1. Government shouldn't use anything proprietary and the US should follow its own rules (AMD exists because gov't rules requirements, why not Microsoft compatible-competitors?)
2. Vendor lock-in always leads to over-pricing and government waste (also, see #1)
3. Microsoft did a deal with the devil (US Government) and now wants to regain trust. Sorry Microsoft. Not going to work.
And did anyone miss the work facebook has been doing with government? Holy crap. Not only is their censorship completely to the left, they are conducting psych experiments at the request of the US government. I personally avoid the social networking sites and [almost] always have.
(I have used LinkedIn due in no small part to my previous employer reducing its staff by over 90% Oh yeah, now I can talk about it too! Turns out the Fukushima incident and subsequent lies, deception, inaccuracies and omissions run pretty deep and even found its way to my former employer, a Mitsubishi company. Anyway, LinkedIn... i was checking that from my mobile device and it made mobile pages unusable through CSS and insisted I use an app. I loaded the app and agreed to whatever and the next thing I knew LinkedIn grabbed my whole addressbook and pulled it into their servers. I can't say whether they used the data to spam others, but I can say they used it to "suggest links" to my profile. That's pretty dirty and disgusting.)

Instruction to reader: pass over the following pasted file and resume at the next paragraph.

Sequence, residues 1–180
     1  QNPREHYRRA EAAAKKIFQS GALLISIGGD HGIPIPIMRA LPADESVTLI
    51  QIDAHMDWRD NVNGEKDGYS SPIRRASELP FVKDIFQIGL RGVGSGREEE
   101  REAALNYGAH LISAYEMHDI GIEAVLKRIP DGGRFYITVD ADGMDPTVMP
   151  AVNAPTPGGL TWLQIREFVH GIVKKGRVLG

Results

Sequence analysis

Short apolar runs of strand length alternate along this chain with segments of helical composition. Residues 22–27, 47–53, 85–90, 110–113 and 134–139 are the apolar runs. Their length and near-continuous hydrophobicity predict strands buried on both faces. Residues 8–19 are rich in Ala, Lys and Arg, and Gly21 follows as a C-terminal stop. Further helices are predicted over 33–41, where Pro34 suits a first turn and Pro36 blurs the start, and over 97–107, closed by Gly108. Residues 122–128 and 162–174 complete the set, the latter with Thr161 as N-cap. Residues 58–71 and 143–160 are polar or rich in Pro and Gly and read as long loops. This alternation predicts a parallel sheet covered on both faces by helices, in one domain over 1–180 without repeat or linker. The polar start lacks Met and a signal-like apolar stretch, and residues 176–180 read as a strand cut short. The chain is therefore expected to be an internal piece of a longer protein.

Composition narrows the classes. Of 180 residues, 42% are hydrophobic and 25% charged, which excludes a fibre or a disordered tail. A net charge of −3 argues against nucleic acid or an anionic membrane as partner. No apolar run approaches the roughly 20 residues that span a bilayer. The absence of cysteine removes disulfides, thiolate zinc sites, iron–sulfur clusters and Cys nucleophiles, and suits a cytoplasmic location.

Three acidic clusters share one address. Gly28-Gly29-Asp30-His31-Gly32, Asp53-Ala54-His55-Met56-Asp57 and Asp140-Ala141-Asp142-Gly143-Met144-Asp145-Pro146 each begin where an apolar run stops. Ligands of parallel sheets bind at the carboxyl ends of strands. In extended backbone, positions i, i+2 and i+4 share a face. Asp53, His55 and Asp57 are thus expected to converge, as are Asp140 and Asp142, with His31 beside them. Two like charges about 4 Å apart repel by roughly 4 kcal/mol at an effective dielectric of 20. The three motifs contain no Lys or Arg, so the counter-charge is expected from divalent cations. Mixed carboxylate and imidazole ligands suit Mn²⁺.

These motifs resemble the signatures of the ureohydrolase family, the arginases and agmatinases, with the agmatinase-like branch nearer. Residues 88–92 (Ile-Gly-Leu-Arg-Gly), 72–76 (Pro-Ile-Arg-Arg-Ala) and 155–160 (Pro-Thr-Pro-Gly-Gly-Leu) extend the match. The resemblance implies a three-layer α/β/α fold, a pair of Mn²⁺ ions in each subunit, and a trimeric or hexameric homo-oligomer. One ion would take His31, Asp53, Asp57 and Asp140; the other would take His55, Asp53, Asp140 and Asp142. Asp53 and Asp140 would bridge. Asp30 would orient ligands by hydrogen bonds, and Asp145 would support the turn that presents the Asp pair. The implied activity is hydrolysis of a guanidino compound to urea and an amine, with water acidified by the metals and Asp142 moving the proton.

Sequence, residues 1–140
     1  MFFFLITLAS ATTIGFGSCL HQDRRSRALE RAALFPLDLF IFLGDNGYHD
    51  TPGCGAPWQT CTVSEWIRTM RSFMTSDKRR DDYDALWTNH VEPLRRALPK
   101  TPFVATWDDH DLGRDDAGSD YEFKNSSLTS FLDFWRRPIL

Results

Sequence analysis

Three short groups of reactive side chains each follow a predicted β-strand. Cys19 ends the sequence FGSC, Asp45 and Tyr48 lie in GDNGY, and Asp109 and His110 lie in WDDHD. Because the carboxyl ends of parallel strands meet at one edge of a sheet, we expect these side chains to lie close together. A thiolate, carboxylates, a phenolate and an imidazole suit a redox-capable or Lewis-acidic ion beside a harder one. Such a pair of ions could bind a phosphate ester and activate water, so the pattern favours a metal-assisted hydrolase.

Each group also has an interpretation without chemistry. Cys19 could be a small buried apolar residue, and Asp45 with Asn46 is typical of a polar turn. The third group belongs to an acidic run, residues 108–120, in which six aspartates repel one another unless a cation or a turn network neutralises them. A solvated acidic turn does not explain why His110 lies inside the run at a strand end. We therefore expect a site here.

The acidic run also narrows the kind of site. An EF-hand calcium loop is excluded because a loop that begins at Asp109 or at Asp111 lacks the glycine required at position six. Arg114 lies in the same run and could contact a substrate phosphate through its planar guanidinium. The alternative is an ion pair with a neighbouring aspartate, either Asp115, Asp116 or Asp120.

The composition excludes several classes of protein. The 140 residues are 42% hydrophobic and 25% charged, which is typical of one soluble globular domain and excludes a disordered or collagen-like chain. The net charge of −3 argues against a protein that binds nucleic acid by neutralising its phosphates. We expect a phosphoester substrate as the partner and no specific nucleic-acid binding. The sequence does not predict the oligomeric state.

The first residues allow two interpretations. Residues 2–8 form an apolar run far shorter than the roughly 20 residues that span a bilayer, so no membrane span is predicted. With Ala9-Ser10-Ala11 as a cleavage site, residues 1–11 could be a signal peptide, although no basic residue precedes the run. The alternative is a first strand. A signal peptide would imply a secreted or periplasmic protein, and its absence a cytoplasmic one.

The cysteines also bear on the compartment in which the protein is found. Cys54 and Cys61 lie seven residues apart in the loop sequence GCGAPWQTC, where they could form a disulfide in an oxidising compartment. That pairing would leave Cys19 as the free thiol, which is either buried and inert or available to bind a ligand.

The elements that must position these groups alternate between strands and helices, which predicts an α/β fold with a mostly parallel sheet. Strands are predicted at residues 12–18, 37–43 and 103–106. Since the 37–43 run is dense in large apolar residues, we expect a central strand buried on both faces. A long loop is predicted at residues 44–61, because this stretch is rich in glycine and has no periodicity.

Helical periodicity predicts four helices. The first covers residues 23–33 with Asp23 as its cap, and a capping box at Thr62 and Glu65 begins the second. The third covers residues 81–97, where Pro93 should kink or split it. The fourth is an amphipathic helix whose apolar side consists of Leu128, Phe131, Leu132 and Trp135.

Trust is a difficult thing these days... a fragile thing. And I hope companies everywhere, large and small, learn that lesson. They can learn the hard way or they can be good and decent people asking themselves "would I want someone doing this to me?!" (Just like government gun confiscation -- the answer is NO. The government wouldn't allow the citizens to take their guns, so why should the citizens allow government to take theirs?) Of course, too few people care about golden rules of morality because the world is run by psychopaths. Psychopaths think they can just buy trust. That may have been true, but the pendulum has reached its furthest point and is about to swing back the other way. Microsoft and others are only now figuring that out.